Students will be placed on academic plan should it not be possible for them to meet SAP within one semester and/or the student has exceeded the maximum credit limit for their program of study. Students placed on academic plan will be expected to follow the conditions of their academic plan each semester to continue financial aid eligibility. Failure to follow the conditions of a student’s academic plan will result in the student being placed on suspension.
If a grade change occurs after the SAP evaluation process is completed, students may contact the University of Mary Office of Financial Aid to review their status with the inclusion of the new grade(s). If inclusion of the updated grade changes the students SAP status, the status will be updated to reflect the new evaluation for the current term and a status change notice will be sent to the student.
Changes of Major and Second Degrees
Students who change majors or pursue a second degree are still expected to meet SAP standards for maximum time frame. If the student has previously completed courses that are not applicable to the current degree plan, he or she is encouraged to file an appeal of their financial aid status.
Aid Affected by Financial Aid Suspension
All federal, state, and most institutional financial aid programs are subject to financial aid SAP standards. Also, some outside sources of financial aid such as private scholarships and private education loans are subject to financial aid SAP as well.
Reestablishing Eligibility for Financial Aid
Students who have become ineligible for financial aid can reestablish eligibility by doing the following:
- Successfully completing coursework without federal, state, or institutional resources to bring their cumulative GPA and completion rate to minimum standards.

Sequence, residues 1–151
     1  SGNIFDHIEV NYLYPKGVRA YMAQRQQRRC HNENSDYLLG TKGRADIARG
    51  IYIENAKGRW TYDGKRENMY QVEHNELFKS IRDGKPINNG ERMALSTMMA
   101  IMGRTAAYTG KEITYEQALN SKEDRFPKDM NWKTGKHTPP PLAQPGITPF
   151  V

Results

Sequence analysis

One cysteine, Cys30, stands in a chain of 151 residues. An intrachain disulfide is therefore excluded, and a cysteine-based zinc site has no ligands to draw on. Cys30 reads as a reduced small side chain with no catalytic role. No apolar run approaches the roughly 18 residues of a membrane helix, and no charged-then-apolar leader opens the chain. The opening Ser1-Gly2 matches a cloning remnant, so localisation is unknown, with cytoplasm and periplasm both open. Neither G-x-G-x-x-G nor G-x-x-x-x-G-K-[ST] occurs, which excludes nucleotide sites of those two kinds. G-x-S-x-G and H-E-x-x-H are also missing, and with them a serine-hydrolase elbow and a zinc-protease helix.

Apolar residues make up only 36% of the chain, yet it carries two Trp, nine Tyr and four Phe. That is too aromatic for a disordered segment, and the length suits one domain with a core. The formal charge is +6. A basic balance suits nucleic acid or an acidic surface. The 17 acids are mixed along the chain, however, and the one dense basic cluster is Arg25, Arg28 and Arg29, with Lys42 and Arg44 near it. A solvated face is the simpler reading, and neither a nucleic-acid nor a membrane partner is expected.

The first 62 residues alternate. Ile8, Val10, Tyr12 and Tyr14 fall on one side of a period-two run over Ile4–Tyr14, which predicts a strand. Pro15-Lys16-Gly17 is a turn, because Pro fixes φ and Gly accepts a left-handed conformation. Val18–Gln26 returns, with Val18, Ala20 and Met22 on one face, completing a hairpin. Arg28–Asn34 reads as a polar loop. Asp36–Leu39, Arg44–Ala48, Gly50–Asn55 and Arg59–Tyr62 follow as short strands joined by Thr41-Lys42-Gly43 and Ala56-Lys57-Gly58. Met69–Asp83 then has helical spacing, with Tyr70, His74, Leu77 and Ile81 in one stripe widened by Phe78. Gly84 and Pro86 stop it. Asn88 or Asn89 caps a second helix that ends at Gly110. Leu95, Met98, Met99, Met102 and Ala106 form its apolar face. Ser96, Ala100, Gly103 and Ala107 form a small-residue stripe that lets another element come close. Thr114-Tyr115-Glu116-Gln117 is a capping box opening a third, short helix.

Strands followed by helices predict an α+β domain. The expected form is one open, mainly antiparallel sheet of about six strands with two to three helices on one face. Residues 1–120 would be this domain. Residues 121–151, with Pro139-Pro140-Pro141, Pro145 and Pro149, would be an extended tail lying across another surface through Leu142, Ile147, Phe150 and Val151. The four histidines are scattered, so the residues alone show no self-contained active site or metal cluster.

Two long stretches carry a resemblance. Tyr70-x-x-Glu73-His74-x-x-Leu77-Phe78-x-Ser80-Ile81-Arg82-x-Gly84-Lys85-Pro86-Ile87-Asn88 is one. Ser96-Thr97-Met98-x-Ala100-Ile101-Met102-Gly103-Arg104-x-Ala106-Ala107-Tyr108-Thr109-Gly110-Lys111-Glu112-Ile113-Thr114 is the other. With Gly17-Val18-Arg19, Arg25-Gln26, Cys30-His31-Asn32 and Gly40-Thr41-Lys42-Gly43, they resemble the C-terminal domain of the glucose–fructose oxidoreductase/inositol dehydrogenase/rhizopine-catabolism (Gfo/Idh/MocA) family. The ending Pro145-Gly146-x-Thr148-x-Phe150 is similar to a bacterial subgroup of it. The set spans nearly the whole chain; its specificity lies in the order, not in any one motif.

If it is not possible for a student to reach minimum SAP standards within one semester, they may consider filing an appeal based upon their improved academic record after successful completion of a semester in which the student did not benefit from federal, state, or institutional aid.
- By filing an appeal of the financial aid suspension for consideration of reinstatement of eligibility. See section titled Right to Appeal.
Changes in Enrollment
Adding or dropping courses at any point in the semester may or may not affect a student’s financial aid and institutional charges. Students should contact either the Office of Financial Aid at firstname.lastname@example.org or the Office of Student Accounts at email@example.com to determine if a change in enrollment will affect them
Withdrawals and Return of Title IV Funds
If a student withdraws or is expelled from the University of Mary prior to the end of the semester, a federal return calculation known as Return of Title IV funds must be completed. The amount of financial aid earned is calculated based on the number of days completed in the semester on a prorated basis. The percentage is then applied to the financial aid received to determine how much aid a student has earned. If a student has received more aid than he or she earned, the financial aid funds will be returned to the appropriate issuing agency. If a student has earned more aid than what was disbursed, a possible post-withdrawal disbursement of financial aid can be made to help cover tuition, fees, and other charges. Return of Title IV financial aid are done in the manner prescribed by law.